Our study has several limitations. Use of the FloTrac III™ Vigileo™ monitoring system is time-consuming and while it has been well validated in a variety of clinical scenarios,17 this is the first time that it has been tested in this setting. Also, ischemic cardiomyopathy was found in only 25% of all patients. Despite the fact that statistical results were similar across this subgroup of patients, the absolute number of patients is small, and as such this heterogeneity may have influenced our results. Finally, although the echocardiographic results were statistically significant, the resulting differences are small and within the inter- and intraobserver variability of the technique. Thus, these particular results should be interpreted with caution. The observed differences in cardiac output were also small, and therefore we cannot yet be absolutely sure of their clinical significance.

Future directions

The fact that multiple techniques, including ours, yielded benefit suggests that multi-site pacing should be further developed. The optimal method, whether with two RV leads, two LV leads, a single lead with multi-point pacing capabilities or a combination of these remains to be determined. We believe that if three ventricular leads are to be used, two RV leads are much faster and probably more stable. The development of CRT generators designed specifically for multi-site pacing may also be important. So far only one manufacturer has produced such a device, which will be tested in non-responders in a randomized trial.22 It is worth pointing out, however, that in our population we deliberately did not select a subset of non-responders, and still achieved superior results with this new pacing modality. This raises the possibility of organizing a large trial of multi-site pacing as a first-line treatment in candidates for cardiac resynchronization therapy.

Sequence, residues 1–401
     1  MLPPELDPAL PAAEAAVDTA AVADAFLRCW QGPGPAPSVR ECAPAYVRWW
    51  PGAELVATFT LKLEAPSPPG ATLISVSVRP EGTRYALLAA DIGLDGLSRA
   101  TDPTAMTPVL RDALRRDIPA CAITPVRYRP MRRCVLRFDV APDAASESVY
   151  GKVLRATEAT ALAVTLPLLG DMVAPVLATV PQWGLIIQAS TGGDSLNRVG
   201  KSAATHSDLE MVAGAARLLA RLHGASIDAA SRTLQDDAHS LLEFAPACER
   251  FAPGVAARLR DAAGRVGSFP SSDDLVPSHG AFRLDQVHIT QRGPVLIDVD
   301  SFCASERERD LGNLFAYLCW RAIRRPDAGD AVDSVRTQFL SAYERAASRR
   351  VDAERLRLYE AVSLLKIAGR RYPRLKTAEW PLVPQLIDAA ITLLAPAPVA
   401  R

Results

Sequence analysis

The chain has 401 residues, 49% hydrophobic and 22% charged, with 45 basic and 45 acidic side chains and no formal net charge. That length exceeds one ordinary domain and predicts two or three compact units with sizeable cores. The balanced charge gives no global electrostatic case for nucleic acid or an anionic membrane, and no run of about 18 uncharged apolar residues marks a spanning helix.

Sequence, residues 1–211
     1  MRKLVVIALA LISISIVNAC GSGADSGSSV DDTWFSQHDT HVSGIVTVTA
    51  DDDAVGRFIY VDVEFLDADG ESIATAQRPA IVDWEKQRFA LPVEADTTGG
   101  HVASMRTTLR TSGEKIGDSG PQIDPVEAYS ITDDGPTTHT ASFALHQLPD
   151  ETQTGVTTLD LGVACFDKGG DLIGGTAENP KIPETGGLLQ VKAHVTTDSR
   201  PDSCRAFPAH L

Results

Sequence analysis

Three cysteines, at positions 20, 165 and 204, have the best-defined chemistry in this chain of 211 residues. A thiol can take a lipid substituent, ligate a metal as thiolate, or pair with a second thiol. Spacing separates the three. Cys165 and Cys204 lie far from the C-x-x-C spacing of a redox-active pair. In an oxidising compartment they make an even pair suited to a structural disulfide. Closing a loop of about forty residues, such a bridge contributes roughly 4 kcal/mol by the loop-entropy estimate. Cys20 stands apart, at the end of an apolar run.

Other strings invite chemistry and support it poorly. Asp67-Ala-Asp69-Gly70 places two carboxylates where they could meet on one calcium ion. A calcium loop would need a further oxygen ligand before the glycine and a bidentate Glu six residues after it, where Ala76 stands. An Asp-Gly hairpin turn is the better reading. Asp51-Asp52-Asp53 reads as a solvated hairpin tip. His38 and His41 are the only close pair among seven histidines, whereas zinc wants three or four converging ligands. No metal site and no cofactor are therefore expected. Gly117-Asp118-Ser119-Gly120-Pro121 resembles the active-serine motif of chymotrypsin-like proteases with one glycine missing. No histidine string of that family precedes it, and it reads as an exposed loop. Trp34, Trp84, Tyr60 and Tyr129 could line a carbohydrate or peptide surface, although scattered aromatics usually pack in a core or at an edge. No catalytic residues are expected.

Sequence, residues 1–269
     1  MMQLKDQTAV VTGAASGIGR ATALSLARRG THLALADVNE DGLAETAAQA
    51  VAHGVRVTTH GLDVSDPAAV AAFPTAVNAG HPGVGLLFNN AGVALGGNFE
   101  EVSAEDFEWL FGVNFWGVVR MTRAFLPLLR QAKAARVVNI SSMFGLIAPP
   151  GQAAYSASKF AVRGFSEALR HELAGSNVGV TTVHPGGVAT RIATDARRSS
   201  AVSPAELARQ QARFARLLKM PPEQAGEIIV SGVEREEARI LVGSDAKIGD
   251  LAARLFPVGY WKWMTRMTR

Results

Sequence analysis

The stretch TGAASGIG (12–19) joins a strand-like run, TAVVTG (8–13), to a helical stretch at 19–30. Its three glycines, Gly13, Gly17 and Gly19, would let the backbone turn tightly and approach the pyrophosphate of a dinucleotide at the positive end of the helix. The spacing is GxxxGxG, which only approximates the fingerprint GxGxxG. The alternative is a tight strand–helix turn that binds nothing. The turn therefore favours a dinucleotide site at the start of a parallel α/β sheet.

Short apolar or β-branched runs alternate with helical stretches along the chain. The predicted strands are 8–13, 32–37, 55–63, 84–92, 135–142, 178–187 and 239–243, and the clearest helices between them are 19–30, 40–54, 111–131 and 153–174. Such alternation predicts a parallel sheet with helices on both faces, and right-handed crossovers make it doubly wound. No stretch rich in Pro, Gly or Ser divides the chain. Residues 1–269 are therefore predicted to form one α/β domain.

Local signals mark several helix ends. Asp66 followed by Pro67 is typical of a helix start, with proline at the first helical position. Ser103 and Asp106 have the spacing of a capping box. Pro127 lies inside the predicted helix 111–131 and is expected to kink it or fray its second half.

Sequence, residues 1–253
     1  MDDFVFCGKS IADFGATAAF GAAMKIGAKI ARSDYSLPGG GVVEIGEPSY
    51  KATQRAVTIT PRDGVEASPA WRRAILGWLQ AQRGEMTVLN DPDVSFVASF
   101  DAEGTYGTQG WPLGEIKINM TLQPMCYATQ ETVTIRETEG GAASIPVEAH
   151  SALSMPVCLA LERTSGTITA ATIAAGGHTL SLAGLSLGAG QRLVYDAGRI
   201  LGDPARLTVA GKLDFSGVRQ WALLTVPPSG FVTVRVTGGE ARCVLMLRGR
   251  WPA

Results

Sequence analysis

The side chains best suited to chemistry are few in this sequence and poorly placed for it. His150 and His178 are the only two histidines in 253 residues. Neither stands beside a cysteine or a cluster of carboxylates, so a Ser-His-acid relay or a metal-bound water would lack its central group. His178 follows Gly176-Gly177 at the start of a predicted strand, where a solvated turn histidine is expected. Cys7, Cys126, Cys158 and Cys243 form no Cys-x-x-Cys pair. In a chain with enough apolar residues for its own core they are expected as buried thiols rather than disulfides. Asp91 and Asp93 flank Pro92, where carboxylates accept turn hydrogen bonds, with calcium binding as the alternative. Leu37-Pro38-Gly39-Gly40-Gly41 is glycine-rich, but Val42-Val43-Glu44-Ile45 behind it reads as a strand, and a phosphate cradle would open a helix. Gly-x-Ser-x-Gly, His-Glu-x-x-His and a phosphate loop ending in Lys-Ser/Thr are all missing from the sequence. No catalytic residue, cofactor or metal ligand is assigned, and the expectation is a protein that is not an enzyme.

Conclusion

Triple-site pacing produced a superior hemodynamic performance with shorter QRS duration, which is likely the consequence of improved resynchronization. RVOT septal pacing was clearly superior to RV apical pacing, with shorter QRS and greater cardiac output.

Ethical disclosuresProtection of human and animal subjects

The authors declare that the procedures followed were in accordance with the regulations of the relevant clinical research ethics committee and with those of the Code of Ethics of the World Medical Association (Declaration of Helsinki).

Confidentiality of data

The authors declare that they have followed the protocols of their work center on the publication of patient data.

Right to privacy and informed consent

The authors have obtained the written informed consent of the patients or subjects mentioned in the article. The corresponding author is in possession of this document.

Funding

No specific funding grants were used regarding this study.

Conflicts of interest

The authors have no conflicts of interest to declare.

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Ao assinalar que é «Profissional de Saúde», declara conhecer e aceitar que a responsável pelo tratamento dos dados pessoais dos utilizadores da página de internet da Revista Portuguesa de Cardiologia (RPC), é esta entidade, com sede no Campo Grande, n.º 28, 13.º, 1700-093 Lisboa, com os telefones 217 970 685 e 217 817 630, fax 217 931 095 e com o endereço de correio eletrónico revista@spc.pt. Declaro para todos os fins, que assumo inteira responsabilidade pela veracidade e exatidão da afirmação aqui fornecida.